Dr. Mark Sloan is a doctor at Community General Hospital, and he is a consultant for the police department. His son Steve Sloan is a detective for the department. He and his father, along ... See full summary »
Dick Van Dyke,
Barry Van Dyke,
After a serial killer imitates the plots of his novels, successful mystery novelist Richard "Rick" Castle gets permission from the Mayor of New York City to tag along with an NYPD homicide investigation team for research purposes.
Deputy Police Chief Brenda Johnson runs the Priority Homicide Division of the LAPD with an unorthodox style. Her innate ability to read people and obtain confessions helps her and her team solve the city's toughest, most sensitive cases.
Sam McCloud is a rustic country sheriff from a rural part of the United States. He travels to the big city and joins the police force, using his country ways and laid-back approach to nab ... See full summary »
Father Frank Dowling, a fine Catholic parish priest in Chicago, drives housekeeper Marie to despair by his habit of being late for dinner as he and his assistant (streetwise nun Stephanie '... See full summary »
Ben Matlock is a very expensive criminal defense attorney who charges $100,000 to take a case. Fortunately, he's worth every penny as he and his associates defend his clients by finding the real killer.
Bill Gillespie is a police chief in a small town in the American South, and later becomes sheriff of the county. As Bill tries to solve crimes and catch criminals, aided by his capable investigator Virgil Tibbs and police lieutenant Bubba Skinner, he must navigate tricky small-town politics. Racial tensions often run high in the South and this theme is frequently explored. Bill's personal life is often portrayed in this TV drama, as well. Written by
Tad Dibbern <DIBBERN_D@a1.mscf.upenn.edu>
The beautiful, white house Bill Gillespie bought at the start of season 7 was an actual residence in Covington, GA. Since the series ended, it now sits abandoned and in very dilapidated condition. See more »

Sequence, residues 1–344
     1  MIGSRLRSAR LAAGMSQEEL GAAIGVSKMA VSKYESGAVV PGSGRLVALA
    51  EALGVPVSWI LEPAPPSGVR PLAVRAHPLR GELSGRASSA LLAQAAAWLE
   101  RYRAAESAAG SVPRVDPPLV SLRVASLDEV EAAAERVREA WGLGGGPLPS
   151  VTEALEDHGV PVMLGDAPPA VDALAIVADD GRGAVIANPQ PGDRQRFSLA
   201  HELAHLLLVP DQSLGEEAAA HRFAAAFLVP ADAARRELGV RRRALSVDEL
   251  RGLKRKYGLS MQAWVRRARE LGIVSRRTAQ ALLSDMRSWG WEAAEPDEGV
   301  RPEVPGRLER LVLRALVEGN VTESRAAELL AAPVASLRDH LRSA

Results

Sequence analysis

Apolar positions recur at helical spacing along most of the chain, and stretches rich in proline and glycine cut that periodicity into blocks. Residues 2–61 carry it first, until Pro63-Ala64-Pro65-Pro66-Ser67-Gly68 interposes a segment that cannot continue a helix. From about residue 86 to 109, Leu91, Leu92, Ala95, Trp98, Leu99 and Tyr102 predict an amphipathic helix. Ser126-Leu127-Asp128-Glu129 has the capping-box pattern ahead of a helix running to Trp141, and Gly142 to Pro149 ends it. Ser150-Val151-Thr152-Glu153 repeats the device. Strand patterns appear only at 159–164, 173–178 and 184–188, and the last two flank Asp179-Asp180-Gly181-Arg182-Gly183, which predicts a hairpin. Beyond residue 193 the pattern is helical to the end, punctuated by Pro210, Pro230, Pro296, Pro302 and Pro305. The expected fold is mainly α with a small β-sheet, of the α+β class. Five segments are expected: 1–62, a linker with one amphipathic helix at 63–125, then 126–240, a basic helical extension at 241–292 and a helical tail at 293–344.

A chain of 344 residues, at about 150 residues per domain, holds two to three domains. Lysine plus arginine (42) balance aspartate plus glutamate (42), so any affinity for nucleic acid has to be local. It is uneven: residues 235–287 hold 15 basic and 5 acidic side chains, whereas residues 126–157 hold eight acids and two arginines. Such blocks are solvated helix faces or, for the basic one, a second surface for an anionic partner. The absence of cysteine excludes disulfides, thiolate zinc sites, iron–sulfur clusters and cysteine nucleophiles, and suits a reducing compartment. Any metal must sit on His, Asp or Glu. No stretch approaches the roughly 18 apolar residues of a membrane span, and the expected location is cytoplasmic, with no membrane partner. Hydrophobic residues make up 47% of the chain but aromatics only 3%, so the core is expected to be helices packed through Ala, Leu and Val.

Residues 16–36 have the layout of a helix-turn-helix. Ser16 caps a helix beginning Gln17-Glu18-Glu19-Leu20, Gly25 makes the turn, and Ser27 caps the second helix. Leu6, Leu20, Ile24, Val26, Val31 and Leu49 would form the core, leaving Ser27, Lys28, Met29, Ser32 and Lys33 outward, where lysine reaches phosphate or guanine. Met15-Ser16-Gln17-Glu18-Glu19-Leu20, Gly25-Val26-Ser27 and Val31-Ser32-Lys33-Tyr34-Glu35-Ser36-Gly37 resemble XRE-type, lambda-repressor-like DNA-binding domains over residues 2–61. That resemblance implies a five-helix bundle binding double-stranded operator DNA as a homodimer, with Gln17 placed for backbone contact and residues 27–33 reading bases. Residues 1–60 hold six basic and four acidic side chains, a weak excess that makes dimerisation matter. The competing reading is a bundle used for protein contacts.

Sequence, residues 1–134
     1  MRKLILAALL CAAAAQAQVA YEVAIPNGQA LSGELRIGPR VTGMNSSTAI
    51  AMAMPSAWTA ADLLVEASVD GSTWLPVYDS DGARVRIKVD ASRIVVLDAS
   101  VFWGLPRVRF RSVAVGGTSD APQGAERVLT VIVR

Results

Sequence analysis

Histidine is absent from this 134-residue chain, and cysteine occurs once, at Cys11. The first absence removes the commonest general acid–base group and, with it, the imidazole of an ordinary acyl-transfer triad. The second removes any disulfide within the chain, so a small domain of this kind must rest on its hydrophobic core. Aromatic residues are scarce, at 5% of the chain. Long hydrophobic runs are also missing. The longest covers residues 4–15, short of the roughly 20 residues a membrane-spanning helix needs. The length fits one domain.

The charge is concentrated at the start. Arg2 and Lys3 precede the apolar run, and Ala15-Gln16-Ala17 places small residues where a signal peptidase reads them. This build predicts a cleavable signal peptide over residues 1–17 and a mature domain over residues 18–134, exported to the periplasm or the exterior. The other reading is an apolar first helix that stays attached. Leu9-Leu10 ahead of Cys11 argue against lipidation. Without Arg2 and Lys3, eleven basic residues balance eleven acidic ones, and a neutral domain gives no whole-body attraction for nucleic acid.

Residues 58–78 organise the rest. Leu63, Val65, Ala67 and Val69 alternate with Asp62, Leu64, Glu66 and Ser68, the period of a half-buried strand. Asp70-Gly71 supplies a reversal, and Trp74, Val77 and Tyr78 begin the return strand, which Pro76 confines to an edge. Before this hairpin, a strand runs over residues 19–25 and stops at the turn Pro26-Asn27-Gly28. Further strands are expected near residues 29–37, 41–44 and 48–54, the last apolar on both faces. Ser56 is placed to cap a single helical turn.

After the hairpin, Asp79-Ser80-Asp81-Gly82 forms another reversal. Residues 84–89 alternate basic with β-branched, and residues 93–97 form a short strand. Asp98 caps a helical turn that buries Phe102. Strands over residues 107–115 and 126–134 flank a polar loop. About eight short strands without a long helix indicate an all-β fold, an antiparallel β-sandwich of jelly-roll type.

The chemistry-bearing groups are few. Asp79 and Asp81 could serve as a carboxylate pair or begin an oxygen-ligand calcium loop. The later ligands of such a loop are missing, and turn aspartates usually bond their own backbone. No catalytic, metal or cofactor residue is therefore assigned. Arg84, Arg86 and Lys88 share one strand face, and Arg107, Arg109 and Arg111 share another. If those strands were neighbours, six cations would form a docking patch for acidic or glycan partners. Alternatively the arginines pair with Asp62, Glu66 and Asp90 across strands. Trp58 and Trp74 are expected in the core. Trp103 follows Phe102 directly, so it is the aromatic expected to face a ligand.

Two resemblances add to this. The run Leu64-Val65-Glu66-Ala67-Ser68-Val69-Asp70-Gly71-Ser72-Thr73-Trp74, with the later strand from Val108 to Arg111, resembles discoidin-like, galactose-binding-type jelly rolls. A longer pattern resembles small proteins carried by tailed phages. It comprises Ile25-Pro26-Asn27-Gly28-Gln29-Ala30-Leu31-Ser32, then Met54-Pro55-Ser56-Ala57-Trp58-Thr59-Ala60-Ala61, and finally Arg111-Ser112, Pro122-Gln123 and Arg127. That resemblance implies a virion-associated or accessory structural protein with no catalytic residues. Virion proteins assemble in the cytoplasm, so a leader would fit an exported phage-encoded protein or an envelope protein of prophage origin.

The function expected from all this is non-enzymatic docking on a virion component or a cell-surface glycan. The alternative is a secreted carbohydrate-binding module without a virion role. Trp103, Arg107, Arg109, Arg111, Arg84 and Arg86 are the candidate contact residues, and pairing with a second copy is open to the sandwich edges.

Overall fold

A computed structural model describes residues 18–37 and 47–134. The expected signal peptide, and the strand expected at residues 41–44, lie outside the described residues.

Though most will forever remember O'Conner for his Emmy-winning turn as "Archie Bunker" in the classic "All in the Family," his last television role on the long-running "In the Heat of the Night" was still equally as memorable. Inspired by the Oscar-winning film, starring Rod Steiger and Sidney Poitier, the show dealt with the police force of the mythical town of Sparta, Missisippi, headed by Chief Bill Gillespie with transplanted Philedelphian Virgil Tibbs, new and black to a force that was unprepared for such a high-ranking black. Though the first couple of episodes dealt with the adjustments that had to made with the new man on the force, the racial tension in the department was soon eliminated as both The Chief and Tibbs, along with other policemen (the superb Alan Artry as "Bubba," David Hart as the down-home, tea-drinking "Parker," Geoffrey Horne" and Hugh O'Conner as the young cops, "Sweet" and "Lonnie Jameson," respectively) came to respect and trust each other.
Many of the shows dealt with timely topics as A.I.D.S., spousal abuse, rape, and corrupt politicians. One of the series' most powerful episodes is "A Trip Upstate," wherein Chief Gillespie is asked to attend the execution of a criminal (guest star Paul Benjamin) that he caught years before. The riveting execution is quite detailed and the dialog-less performances by O'Conner and Benjamin are Emmy-worthy. The eye contact between the two actors is unbelievably intense. Whether one is pro or con on the topic of capital punishment, this particular installment should have some effect, one way or the other.
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